I was 14, and I was perched in a fuzzy white hammock on my very lavish then-best friend Lana’s very lavish bedroom terrace. She was tall and blonde and thin as a rail and beautiful. And she owned Pucci Moon Boots.
We used to buy the thin, crunchy kind of breadsticks before watching Breakfast At Tiffany’s so we could pretend they were just like the cigarette holders that made Audrey Hepburn look so damn glamorous. And we figured if we tried the real thing, we’d feel like movie stars, too.
After all, Carrie smoked—and Carrie was fucking everything. She was smart and sexy and had incredible clothes and a cool career. We’d fantasize about our future loves and how our relationships would be devastatingly intense, just like Carrie’s, and how they’d be all the more cinematic when we’d ruminate about them over a smoke, just like Carrie.
We knew smoking was bad, of course. Lana’s mom smoked, and she’d tell us it was bad—that she wished she didn’t. That she hoped we’d never start. My mom used to smoke, too—back in her twenties when she did marketing for Marlboro. I don’t know if I knew she’d ever picked up a cigarette back then—she probably excluded that detail. But she’d tell me horror stories about the fates of her friends who’d ask her for free cigarettes. We knew about lung cancer and emphysema. We knew smoking was bad. But hell, we new drinking was bad, too. And god knows we’d already started to sneak into our parents’ liquor cabinets.
* * *
Lana’s mom would hide her Marlboro Golds all over the house—in little nooks she thought we’d never find. But no nook is too hidden for a couple of teenagers who want to try something bad. Eventually, we found a pack.
I still remember that blinding rush of adrenaline. Those wicked giggles we whispered as we sprinted to her terrace to weigh our gold. How we felt like vindicated criminals as we kicked back on that fuzzy white hammock and turned our smug grins to Park Avenue’s midnight sky and lit our treasure. How we felt every bit as glamorous as we’d anticipated. How we felt like movie stars.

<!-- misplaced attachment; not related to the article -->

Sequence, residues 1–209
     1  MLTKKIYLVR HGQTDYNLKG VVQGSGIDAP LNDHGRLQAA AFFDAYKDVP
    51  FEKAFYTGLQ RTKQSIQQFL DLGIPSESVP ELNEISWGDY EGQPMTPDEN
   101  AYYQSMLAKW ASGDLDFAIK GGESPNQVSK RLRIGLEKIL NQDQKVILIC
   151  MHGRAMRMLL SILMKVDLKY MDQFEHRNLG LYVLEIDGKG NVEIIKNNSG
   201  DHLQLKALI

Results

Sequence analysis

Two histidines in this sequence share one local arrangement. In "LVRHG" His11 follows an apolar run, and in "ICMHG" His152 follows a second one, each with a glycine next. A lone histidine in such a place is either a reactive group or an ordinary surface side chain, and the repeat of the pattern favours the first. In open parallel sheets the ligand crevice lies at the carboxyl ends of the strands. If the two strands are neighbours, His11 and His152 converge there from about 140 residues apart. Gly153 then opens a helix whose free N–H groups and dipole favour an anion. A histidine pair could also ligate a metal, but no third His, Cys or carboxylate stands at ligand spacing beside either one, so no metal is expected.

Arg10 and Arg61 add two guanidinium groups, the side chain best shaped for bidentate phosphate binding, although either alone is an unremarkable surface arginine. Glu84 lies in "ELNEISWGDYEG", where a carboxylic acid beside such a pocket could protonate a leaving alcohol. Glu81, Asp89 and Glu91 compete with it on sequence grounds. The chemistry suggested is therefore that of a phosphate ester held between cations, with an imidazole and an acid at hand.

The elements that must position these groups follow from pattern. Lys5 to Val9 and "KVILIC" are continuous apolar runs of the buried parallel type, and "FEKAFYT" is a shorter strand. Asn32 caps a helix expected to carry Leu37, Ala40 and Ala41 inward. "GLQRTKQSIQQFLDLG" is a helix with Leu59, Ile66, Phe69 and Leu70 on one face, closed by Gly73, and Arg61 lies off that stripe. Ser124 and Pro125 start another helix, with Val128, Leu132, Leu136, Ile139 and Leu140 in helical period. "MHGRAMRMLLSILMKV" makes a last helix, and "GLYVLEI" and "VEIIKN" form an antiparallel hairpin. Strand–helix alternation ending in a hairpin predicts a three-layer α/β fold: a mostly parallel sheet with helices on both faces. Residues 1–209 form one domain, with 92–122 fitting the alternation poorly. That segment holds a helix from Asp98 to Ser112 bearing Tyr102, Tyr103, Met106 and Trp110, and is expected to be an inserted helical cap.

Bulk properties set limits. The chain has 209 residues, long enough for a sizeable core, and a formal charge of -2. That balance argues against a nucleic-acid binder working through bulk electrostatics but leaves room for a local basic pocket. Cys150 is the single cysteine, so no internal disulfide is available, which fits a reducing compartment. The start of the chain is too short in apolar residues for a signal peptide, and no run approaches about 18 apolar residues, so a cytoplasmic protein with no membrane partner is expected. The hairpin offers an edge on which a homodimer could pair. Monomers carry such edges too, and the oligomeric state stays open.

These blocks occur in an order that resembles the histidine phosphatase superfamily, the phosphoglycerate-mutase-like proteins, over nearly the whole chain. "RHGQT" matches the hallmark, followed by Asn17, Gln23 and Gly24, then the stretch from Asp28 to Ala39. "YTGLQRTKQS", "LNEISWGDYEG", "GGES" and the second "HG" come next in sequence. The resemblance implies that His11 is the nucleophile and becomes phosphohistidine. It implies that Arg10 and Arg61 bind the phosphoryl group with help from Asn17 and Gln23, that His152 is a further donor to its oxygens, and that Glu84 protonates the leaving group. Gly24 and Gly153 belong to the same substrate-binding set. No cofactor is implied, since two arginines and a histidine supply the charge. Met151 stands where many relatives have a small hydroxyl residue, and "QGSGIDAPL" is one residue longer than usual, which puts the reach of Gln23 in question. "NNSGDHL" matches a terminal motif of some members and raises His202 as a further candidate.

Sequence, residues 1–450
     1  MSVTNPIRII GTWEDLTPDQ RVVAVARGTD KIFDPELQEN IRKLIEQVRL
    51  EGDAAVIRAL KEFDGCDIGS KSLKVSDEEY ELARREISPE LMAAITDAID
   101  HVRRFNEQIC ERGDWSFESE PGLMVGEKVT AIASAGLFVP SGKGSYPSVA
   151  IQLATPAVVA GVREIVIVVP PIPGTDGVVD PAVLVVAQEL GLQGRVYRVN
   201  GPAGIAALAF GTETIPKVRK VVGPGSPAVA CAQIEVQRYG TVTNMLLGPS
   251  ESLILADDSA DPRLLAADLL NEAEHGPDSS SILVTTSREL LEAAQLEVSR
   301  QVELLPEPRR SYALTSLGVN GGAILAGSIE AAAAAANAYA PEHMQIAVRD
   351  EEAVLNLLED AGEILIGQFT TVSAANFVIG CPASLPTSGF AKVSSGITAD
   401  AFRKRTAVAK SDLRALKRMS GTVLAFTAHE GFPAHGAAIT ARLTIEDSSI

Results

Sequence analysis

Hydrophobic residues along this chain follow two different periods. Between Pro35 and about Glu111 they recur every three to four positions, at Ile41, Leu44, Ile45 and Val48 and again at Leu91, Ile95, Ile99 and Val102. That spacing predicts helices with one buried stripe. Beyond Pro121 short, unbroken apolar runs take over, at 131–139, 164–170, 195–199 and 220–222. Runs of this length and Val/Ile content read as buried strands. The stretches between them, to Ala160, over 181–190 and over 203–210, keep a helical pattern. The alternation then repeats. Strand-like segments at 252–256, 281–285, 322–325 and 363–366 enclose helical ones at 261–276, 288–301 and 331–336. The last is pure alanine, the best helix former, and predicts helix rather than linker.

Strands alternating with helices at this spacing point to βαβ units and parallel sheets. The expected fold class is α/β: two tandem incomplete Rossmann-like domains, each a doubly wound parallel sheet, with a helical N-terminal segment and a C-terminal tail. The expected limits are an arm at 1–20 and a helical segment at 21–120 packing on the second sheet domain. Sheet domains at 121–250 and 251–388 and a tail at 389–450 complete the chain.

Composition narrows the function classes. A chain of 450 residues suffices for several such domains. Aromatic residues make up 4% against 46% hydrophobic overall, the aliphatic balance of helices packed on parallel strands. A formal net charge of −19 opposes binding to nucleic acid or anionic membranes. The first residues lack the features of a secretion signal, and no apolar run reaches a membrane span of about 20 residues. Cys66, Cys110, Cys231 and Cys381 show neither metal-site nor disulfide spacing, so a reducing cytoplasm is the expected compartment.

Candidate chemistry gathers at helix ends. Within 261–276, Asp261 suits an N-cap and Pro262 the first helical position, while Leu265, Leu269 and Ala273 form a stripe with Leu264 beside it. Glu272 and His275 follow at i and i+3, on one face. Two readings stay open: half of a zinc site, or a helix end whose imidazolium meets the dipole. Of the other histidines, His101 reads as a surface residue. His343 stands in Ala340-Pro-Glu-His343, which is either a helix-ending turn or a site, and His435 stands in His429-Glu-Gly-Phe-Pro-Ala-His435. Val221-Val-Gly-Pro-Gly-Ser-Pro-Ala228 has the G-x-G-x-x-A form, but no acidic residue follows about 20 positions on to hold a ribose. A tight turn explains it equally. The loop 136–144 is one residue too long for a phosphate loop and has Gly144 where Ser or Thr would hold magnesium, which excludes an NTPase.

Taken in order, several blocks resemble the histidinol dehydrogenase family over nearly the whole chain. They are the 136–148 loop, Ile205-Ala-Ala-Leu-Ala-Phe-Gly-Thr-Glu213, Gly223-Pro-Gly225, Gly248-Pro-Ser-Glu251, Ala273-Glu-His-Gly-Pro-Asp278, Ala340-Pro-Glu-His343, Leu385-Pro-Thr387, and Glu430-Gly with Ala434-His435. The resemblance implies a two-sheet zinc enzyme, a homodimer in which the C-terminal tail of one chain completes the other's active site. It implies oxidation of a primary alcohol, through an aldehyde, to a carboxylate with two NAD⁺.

That was seven years ago, and I still remember.
* * *
In high school, most of us would puff “social” smoke. Maybe a few stolen cigarettes a year. I never made a habit of it—neither did Lana. But that rebel chic rush never faded—the novelty never died.
But after some time, I let it creep in more than a few times a year. Two years ago, I started buying my own cigarettes—something we’d vowed on that fuzzy white hammock we’d never do. We were smart girls. We didn’t want cancer or emphysema or kids who’d look at us with disgust when we stepped out on family time for a smoke. We didn’t want to get addicted. We didn’t want to be smokers. We just craved the image once in a while.
Until I started craving the nicotine. Until, last year, I started buying my own—not just once in a while, but once a week. Until I started to alleviate stress with my Marlboro Golds. Then with Camel Blues. Then Parliaments. Then Golds again. Then American Spirits. Golds. Blues. Reds. Sprits. Parliaments. Reds. Back to Golds. Until I smoked enough to try on different kinds of cigarettes. Until my smoke was part of my brand.
Often, I realize how chic I feel with a cigarette in hand. It’s painfully stupid, trust me—I know. Cigarettes are not chic. And I want to live a long, healthy life. I don’t want to raise eyebrows with the stink of smoke when I step back in the office after a coffee break. I want to run around with my kids without having to stop to catch my breath. I don’t want to be a smoker—I never did. Damn, those images we prayed to as kids are hard to shake.
But it’s time for a new brand. I’m too old for this shit. So fuck it: I’m gonna quit.